Triangle Webs

Triangle Webs are created in the shape of a triangle, hence its name. The spider weaves silky strands of spokes and spirals that connect to all three strands. The triangle spider waits at one end of the web for an insect to land. When it does, the
spider shakes the web so the insect is caught and cannot escape.

Hunting Spiders

Funnel Web spiders construct large, flat, horizontal webs of non-sticky silk with a funnel at one end in grassy areas. The funnel is open at both ends so the spider can escape if necessary. When the spider feels the vibration of is prey, it dashes out, bites the insect and carries it back to the funnel.
Funnel web spiders are also known as grass spiders.

Nursery Web Spider

The Nursery Web spider is considered a hunting spider because it only builds a web when laying her eggs. She carries her eggs in a silk sac close to her body until just before they hatch. The egg sac is then attached to a leaf and a web is built around it.
The female spider then stands guard nearby until spiderlings hatch from their eggs.

Pictures of Spider Webs


Pest Control Information Pest Control Supplies Spider Information
Spider Control Cobweb Elimination Black Widow Spider Bites and Stings
Brown Recluse Spider Bite of Brown Recluse Spider Webs

Can it be white mold or spider mite web?

I had serious problems with mites about 5 weeks before harvest. I was enable to slow them down and nearly kill them, but they came back and about 3 days before harvest I had really a lot of them everywhere, but I know I already won the battle.
I switched the lights off 2 days before harvest, so water and all nutrients are sucked up. Then I began to harvest, and had a real good air circulation and about 70 degree temperature. Everything was placed over a newspaper and I didn’t build any piles.
After first day all the paper was wet so I replaced it, because so much moisture was coming out. After 3 days of drying I put all on a closet on shelves, again over newspaper and didn’t make any piles. I left the doors open and had about 17000 cubic feet per hour of air being sucked out from the top of the room. Now 7 days later, I checked everything and found on parts, also deep inside, some white web. I remember finding white web also inside when I was harvesting and trimming, so I know that was web, but now i’m not so sure. Temperature in the closet was at least 60 degrees, but there wasn’t any air breezing directly. However doors being open and the ventilation being that extreme inside the whole room should make the moisture spread out pretty effectively. If any moisture vaporizes, it spreads because of entropy. So air can flow free but nothing was actually breezing directly inside those closest.
Do any experts have any guesses, is this just the leftovers of the mites web or is it white mold? Can mold occur even the air could flow freely? And so much of air was sucked out, not just directly. I really cannot tell the difference of this mold or web thing. The smell was not bad in anyways, to me it was pretty much the same at the first day of harvest: a little “grassy”/fresh as it was wet but now it was only a very little moist, not wet at all. Still it had a little bit of that fresh, “plant-like” smell. There was no that kind of grassy smell like usually on leaves and definitely no earthy smell. To me it smelled good, but I’m a little worried.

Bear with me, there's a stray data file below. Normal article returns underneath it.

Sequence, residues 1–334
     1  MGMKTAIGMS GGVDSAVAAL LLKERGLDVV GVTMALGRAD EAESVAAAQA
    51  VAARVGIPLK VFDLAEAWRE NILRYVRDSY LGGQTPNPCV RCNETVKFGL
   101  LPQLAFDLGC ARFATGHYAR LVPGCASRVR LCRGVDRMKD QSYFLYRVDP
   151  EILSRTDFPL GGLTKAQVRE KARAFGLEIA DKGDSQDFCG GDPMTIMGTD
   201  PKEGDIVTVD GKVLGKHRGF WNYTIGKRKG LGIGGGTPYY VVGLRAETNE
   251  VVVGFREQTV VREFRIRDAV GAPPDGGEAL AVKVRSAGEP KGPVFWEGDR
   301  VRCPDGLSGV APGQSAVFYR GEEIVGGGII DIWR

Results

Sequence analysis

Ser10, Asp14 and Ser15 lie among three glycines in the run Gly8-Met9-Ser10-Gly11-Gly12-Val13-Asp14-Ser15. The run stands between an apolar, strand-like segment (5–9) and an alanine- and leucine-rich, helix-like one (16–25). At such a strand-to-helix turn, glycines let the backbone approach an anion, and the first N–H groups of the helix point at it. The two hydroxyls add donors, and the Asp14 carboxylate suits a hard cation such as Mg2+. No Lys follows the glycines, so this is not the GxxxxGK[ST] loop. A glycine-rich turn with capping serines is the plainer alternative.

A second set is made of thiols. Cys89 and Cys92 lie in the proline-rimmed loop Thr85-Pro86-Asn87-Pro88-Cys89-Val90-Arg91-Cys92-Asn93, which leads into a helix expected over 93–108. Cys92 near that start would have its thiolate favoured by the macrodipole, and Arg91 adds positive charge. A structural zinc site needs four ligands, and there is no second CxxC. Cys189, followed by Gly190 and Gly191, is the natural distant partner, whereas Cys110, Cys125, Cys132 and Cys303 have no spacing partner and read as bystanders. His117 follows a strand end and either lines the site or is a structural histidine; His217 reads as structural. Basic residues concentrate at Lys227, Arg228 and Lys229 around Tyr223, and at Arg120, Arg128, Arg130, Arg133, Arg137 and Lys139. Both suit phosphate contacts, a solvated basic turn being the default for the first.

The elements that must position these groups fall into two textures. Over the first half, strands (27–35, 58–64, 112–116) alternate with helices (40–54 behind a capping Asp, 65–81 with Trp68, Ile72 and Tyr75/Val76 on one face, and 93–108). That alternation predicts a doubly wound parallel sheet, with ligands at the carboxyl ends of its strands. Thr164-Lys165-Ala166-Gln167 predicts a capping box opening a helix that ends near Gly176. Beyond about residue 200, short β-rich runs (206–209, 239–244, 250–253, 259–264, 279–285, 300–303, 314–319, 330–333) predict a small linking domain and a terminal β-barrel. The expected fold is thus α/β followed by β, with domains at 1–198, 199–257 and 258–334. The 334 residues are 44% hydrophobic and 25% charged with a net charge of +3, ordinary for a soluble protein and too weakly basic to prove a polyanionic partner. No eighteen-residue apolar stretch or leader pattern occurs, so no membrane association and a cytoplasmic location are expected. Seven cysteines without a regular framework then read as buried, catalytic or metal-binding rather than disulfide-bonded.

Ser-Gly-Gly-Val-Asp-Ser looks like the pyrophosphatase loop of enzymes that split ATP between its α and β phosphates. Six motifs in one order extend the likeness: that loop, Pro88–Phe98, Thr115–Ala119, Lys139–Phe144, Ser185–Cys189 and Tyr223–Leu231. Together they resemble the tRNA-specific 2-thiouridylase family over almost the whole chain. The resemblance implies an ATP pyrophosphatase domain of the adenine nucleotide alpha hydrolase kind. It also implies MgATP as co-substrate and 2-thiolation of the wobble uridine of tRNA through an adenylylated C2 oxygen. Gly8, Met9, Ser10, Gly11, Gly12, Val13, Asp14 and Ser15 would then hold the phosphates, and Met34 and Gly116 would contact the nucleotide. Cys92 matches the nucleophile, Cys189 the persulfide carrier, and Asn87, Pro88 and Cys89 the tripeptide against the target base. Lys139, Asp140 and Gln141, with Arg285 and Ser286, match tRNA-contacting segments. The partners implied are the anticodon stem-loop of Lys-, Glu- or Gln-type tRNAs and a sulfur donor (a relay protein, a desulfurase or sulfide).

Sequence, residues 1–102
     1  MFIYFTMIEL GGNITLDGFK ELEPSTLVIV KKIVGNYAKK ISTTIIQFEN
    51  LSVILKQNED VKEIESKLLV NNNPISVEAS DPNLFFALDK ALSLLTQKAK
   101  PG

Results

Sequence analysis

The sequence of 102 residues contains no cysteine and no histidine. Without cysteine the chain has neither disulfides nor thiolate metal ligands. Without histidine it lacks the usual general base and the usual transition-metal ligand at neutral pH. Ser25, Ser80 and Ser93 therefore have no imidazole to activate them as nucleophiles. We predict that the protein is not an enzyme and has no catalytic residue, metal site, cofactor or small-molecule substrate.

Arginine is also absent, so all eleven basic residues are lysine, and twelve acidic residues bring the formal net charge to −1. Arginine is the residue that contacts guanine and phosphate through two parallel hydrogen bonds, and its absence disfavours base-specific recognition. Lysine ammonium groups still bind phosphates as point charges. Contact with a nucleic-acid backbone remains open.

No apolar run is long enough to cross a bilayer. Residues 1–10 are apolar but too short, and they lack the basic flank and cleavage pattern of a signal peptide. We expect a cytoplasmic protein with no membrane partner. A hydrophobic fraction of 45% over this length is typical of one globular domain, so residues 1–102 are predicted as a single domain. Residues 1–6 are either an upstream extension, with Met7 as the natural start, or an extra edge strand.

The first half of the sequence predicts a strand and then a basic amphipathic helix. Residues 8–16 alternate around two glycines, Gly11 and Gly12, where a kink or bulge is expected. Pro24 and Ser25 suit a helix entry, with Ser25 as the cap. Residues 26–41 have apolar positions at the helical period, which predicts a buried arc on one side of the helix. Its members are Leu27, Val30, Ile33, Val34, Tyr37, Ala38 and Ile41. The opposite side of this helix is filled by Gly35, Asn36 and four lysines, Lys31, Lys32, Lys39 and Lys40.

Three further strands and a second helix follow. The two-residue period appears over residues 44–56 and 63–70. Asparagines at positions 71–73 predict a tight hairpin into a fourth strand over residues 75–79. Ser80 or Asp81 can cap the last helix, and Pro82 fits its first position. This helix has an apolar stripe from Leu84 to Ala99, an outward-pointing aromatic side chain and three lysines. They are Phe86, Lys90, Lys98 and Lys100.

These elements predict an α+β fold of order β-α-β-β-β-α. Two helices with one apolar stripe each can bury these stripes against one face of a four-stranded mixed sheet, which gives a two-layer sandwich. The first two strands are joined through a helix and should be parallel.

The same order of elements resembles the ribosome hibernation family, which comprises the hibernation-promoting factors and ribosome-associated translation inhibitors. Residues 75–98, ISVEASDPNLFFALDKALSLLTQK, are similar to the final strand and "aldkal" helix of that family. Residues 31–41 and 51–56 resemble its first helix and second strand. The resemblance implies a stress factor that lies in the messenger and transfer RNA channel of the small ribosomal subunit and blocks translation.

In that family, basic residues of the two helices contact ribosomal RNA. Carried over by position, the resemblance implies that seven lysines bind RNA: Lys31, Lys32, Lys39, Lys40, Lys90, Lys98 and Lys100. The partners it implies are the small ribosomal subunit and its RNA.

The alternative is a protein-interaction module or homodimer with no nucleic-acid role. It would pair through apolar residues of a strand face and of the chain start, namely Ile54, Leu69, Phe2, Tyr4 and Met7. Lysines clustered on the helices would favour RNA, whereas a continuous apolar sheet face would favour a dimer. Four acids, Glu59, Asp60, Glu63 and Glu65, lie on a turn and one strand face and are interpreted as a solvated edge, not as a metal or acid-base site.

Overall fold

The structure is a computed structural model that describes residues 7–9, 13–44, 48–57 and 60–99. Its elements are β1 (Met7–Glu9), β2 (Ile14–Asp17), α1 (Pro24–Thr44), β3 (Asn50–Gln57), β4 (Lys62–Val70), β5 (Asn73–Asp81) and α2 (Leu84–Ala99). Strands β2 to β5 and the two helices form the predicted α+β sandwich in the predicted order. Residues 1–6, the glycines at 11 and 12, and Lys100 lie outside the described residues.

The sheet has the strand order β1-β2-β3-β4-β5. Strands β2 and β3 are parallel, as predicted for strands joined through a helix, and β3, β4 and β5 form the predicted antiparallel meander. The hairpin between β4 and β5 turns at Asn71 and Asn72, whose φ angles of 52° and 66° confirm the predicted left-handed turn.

I’ve read people saying that any kind of grassy smell is bad and the pictures i’ve been looking look pretty much same to me with the white mold, but I would say it is web. But I also have understood that you wont get mold easily during drying if you do it on open space with about room temperature. Now I had also air being sucked out from the same room.
So the facts are:
– there was mites
– there was web also inside, at the time of harves
– there is just fresh good smell, not earthy and not any kind of very grassy, but same kind of “grassy” as with it is directly after harvest
– there were a very little moist, but not wet at all (test patch told me 27% of weight still left, I’ve ended up sometimes with 15-18% so they might not be completely dry, however I’ve read people have it as high as 25-30% weight left and being ready to storage.
– it is the 7th day of drying
– 2 days without lights prior to harvest do increase humidity
– they were inside closet, but not piled, on shelves with thin layers, doors open
– ventilation was good but no breezing directly to shelves
– temperature was for the last 4-5 days about 60 degrees or a little bit more. about 70 for the first 3 days

This is Cobweb Mold

A common sight in mushroom cultivation is cobweb mold aka Dactylium Mildew or ‘Mucor’. It is a very fast growing mildew that thrives in environments with still air, very little oxygen, and high humidity. Generally it is easy to spot. Cobweb has a grayish color too it, and is stringy/puffy. Next to the bright white of mycelium it’s kind of hard not to notice.
If caught soon enough, before a full on outbreak, cobweb mold can be treated with straight hydrogen peroxide (H2O2) and increased fresh air exchange. If not treated soon enough it will destroy your project. In the case of grain spawn jars that have been contaminated with cobweb, just throw them away. You cannot save those.
So again, if you see cobweb on a cake, or tray, etc:

  • Spray with straight hydrogen peroxide Increase fresh air exchange

    Colonies of this fungal genus are typically white to beige or grey and fast-growing. Colonies on culture medium may grow to several centimeters in height. Older colonies become grey to brown in colour due to the development of spores.